What you like, what you dislike, what you propound, what you propagate is all going to be under the scanner… for the greater good of course.
The Broadcast Engineering Consultants India Limited (BECIL) has floated a tender for monitoring social media on a large scale.
According to a Tender available on its website, the Information and Broadcasting Ministry is seeking agencies to facilitate social media monitoring on a large scale.
The tender was floated on 18th September with a rather quick turnaround of a week. As per a report by The Print. “Four companies have since expressed their interest”.
Picture credits: BECIL website
The tender requires the selected agency to do the following:
The proposal seeks for private agencies with the capability to provide an end-to-end solution, to crawl through public and private media and segregate these contents into problematic areas. Based on these labels, social media and individuals will be constantly monitored. Within the scope of the work also lies the need to find ‘actionable data’; to further identify the user, categorise this data, enable enterprise routing and perform the latest semantic analysis on that data. Generating reports about social media trends, reach and data analysis about social media posts also come under the purview of this proposal.
Early Warning Systems
The selected agency will also be required to create an ‘Early Warning System’ that signals and alerts about posts that contain the possibility of ‘having an adverse negative impact on the socio-economic fabric of the society’, The agency will be responsible for storing and making data collected accessible in both cloud-based and offline means.
Besides, the agency will be responsible for managing multiple social media accounts for the government and engage users accordingly. This will also track individual social media users for their responses to posts and ‘track social media sentiments’. These agencies will also create and promote content including developing e-books as part of their job requirement.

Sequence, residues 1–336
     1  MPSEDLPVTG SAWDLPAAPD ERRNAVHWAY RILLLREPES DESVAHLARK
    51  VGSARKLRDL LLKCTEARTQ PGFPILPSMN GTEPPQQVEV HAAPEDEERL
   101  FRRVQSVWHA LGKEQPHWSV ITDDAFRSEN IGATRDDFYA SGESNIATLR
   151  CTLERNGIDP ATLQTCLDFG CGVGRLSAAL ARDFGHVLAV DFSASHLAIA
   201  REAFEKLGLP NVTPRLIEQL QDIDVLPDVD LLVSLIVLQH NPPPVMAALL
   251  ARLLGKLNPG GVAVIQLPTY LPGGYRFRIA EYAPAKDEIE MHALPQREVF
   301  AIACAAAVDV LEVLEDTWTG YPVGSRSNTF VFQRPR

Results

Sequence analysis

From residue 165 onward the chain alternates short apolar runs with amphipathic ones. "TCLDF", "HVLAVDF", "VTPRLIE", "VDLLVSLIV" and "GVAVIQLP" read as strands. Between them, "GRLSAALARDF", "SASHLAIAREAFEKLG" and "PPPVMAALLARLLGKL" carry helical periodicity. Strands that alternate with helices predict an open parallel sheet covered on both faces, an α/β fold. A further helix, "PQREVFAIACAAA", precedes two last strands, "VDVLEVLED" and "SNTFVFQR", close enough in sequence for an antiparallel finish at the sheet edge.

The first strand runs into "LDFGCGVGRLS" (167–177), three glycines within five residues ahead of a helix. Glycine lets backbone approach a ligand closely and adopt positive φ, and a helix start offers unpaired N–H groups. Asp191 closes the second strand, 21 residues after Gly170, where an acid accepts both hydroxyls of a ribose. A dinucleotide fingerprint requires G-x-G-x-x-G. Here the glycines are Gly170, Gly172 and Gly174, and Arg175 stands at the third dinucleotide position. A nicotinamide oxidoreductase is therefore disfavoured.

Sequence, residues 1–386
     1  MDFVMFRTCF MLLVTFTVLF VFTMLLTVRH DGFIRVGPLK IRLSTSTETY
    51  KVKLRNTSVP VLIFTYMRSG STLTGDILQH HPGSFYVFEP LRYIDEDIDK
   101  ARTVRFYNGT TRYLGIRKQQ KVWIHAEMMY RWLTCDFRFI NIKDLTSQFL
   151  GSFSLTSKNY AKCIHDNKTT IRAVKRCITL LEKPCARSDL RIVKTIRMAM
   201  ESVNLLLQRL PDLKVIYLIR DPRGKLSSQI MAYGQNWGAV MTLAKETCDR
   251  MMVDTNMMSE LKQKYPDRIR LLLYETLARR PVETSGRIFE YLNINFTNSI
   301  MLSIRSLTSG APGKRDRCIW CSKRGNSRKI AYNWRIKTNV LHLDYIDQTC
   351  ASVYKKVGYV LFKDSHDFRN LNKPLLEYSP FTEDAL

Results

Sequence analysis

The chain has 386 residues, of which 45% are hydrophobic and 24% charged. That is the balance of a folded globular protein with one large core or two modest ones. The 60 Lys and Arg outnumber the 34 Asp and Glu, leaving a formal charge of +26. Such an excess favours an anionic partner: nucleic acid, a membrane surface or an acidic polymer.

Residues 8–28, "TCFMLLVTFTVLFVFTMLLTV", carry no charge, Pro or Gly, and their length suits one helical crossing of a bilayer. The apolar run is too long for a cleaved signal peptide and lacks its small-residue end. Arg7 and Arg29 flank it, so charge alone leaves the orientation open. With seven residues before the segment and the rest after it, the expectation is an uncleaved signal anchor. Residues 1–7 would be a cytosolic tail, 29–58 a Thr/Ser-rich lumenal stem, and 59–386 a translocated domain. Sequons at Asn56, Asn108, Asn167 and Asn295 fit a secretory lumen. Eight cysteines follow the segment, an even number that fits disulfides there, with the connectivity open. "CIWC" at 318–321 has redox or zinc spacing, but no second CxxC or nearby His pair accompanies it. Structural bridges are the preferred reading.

One of the unnerving aspects is the request to develop a Listening Tool. Though the tender does not indicate what exactly is expected in this regard, a quick Google search will inform you that a social media listening tool is a tool that helps you see what is being said about your brand (in marketing parlance).
It helps you engage with consumers everywhere, and spy on the competition. In today’s world, keeping up with all social media platforms is a near-impossible task and tools like these provide you with a leverage point. In the hands of the government, the tool could infringe upon privacy rights of individuals; which the Supreme Court upheld in the case of Aadhar card.
Since its inception, the internet has been a free space, despite malicious attempts by corporations to override this freedom by cartelization and by governments to impose curbs on its use.
The Internet has opened a whole new range of possibilities for individuals, organizations, and governments, especially with the onset of social media.
Social media, helps us connect with individuals across the globe, monetize our talents by uploading content, build brands and stores for merchandise and most importantly express ourselves on a public platform.
Initially, this trend began with Facebook and as more and more versions of these social-network-based platforms began to emerge, people began to express suppressed/repressed emotions verbally and visually.